Thursday, 7 November 2019

Nov 7 2019

NATURE MONCTON INFORMATION LINE, Thursday November 07, 2019
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Edited by: Nelson Poirier nelsonpoirier435@gmail.com
Transcript by: Catherine Johnson  johnson2@xplornet.com 
Info Line #: 506-384-6397 (384-NEWS)


***Annette Stone spotted 2 CANADA JAYS while walking an Irishtown Park trail on Tuesday.  She spoke to Jean-Guy Goguen who said he had seen 4 together earlier in the day.  
Nice to know this forest bird has chosen Irishtown Park where hopefully they will linger so more folks can see Canada's national bird symbol.  


***While moving a bird feeder pole on Tuesday, a MOURNING CLOAK BUTTERFLY suddenly appeared for Louise Nichols. It was slowly flapping wings, not seemingly to be in flying mode in the cold wind.  It appeared to be fairly fresh, showing little wing wear.  
This butterfly overwinters as an adult by just closing its wings on tree bark. The underwing pattern gives it amazing camouflage.  Their amazing antifreeze ability will allow them to fly on very warm winter days and are ready to fly as spring warmth appears to continue their mission.  

***The NB  Birds Records Committee met this past weekend in Saint John and issued an invitation to anyone interested to attend as an observer.  Long-time active birder Ron Steeves accepted that invitation and leaves his thoughts as an observer.  
"The committee consists of chairman Jim Wilson, Roger Leblanc, Stu Tingley, Gilles Belliveau, Dave Christie, Don McAlpine and Richard Blacquiere.  
As many probably saw the statement issued by Jim Wilson regarding the acceptance of WILD TURKEY be added to the New Brunswick birding list and the locations in the province that are most likely to be of the wild genus. 
The presentation for discussion about Wild Turkey was put forward by Jim and it was outstanding the amount of facts, figures, and reports that he had accumulated from Maine and the five counties bordering the state of Maine. Ron comments that it was gratifying to observe this committee, with their professionalism, enthusiasm and caution pertaining to such matters.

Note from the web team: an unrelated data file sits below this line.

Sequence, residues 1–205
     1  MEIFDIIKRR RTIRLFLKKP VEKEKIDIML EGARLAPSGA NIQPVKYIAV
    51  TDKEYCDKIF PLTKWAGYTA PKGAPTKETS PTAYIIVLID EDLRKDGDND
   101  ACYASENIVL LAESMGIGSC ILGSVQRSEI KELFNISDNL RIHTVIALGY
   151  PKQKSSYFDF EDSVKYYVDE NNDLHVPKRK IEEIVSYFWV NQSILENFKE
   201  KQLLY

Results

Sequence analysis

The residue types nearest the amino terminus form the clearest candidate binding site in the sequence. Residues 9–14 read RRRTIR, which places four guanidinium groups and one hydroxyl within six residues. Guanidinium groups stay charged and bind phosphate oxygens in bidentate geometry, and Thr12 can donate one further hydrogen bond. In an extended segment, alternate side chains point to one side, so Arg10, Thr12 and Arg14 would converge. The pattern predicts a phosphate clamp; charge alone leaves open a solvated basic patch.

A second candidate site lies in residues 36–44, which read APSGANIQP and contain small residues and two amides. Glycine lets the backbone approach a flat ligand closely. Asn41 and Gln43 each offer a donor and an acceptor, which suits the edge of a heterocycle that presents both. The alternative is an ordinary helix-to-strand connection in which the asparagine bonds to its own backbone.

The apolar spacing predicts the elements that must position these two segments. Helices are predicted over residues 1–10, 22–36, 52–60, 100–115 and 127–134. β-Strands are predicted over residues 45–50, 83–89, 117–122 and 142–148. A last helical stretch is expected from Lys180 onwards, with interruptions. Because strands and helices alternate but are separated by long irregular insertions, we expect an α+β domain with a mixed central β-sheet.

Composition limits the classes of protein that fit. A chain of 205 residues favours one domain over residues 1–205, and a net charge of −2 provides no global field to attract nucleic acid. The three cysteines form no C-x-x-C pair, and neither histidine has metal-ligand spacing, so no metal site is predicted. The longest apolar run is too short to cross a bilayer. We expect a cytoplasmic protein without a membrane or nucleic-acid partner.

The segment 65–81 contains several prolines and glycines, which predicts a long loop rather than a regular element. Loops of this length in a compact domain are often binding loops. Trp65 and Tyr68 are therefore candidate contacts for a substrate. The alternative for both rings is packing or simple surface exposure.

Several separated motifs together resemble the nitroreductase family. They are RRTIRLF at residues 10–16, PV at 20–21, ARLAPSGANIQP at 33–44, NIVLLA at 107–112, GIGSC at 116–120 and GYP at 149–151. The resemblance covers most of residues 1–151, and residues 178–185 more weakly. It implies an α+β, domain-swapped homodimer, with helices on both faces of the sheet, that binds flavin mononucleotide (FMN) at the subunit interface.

These folks are all volunteers and should be truly appreciated by all of us for the work they do."  
Thank you Ron for sharing your comments with the rest of us to let us understand how important this Committee really is.  

***On a visit on Monday to the Chartersville ponds/marsh, (just off Louis St in Dieppe) gave Georges Brun the chance to see quite a large flock of waterfowl.  The estimated number to be approximately 350 to 375 birds either resting or feeding. 
There were a notable number of NORTHERN PINTAIL, NORTHERN SHOVELERS, some GREEN-WINGED TEAL, MALLARDS and others too far for him to identify.   
Georges sends photos of two rafts, one was in the southern part of the pond, the other in the north-east end, and both seemed to be trying to snooze as if they had arrived from a long journey.  
The photos seem to show the pintails nearing breeding plumage with the pin tail up to half what they soon will be and some Northern Shovelers that may be still seem to be moulting out of eclipse plumage or possibly young-of-the-year-birds.  

***Leon Gagnon had a young-of-the-year GREAT BLUE HERON stay in his Wilson Point Miscou yard for several days in mid-September, as well as the yard of a neighbour. It would retire for the night in nearby trees and back faithfully the next day.  Leon's photos show the black crown of the juvenile Great Blue Heron, the bicoloured bill and reduced visible rufous in the thigh area so apparent in the adult standing bird or in flight. A pleasant yard visitor for sure.

Barb Brown shares her experience planting some of the non-native trees mentioned in yesterday’s edition in her near Ayer’s Lake home yard. Barb bought a Tulip Tree at “Canadian Tire” in Woodstock 2 years ago—a fairly large sapling about 6ft tall.  It did well the first winter but suffered a bit of twig damage last winter.  It appears to be planning to “hang in there” as long as our winter isn’t too severe with a lot of abrupt freeze-thaw cycles.
She has quite a few Hickories as well, grown from nuts collected on Ile Perrot, just off Montreal Island where they are native (Shagbark as well as Bitternut).  She also has seedlings from White Oak acorns collected in the same location.  The Hickories are having mixed success, with those planted in her vegetable garden doing the best.  Her Bitternut is 5 years old now and still only 3in. tall!  They are all surviving however so Barb thinks it is well worthwhile to at least try to grow them in NB.  She has also had a lot of success here with Blue Beech (Carpinus caroliniana).  Her sapling, grown from a seedling, produced seed of its own this year, for the first time.


Nelson Poirier,
Nature Moncton



MOURNING CLOAK BUTTERFLY. NOV. 6, 2019. LOUISE NICHOLS

GREAT BLUE HERON (JUVENILE). SEPT 12, 2019.  LEON GAGNON

GREAT BLUE HERON (JUVENILE). SEPT 12, 2019.  LEON GAGNON

GREAT BLUE HERON (JUVENILE). SEPT 12, 2019.  LEON GAGNON

NORTHERN PINTAIL AND NORTHERN SHOVELER. NOV 5 2019  GEORGES BRUN

NORTHERN PINTAIL AND NORTHERN SHOVELER. NOV 5 2019  GEORGES BRUN

WATERFOWL RAFT NOV 5 2019 GEORGES BRUN

WATERFOWL RAFT NOV 5 2019 GEORGES BRUN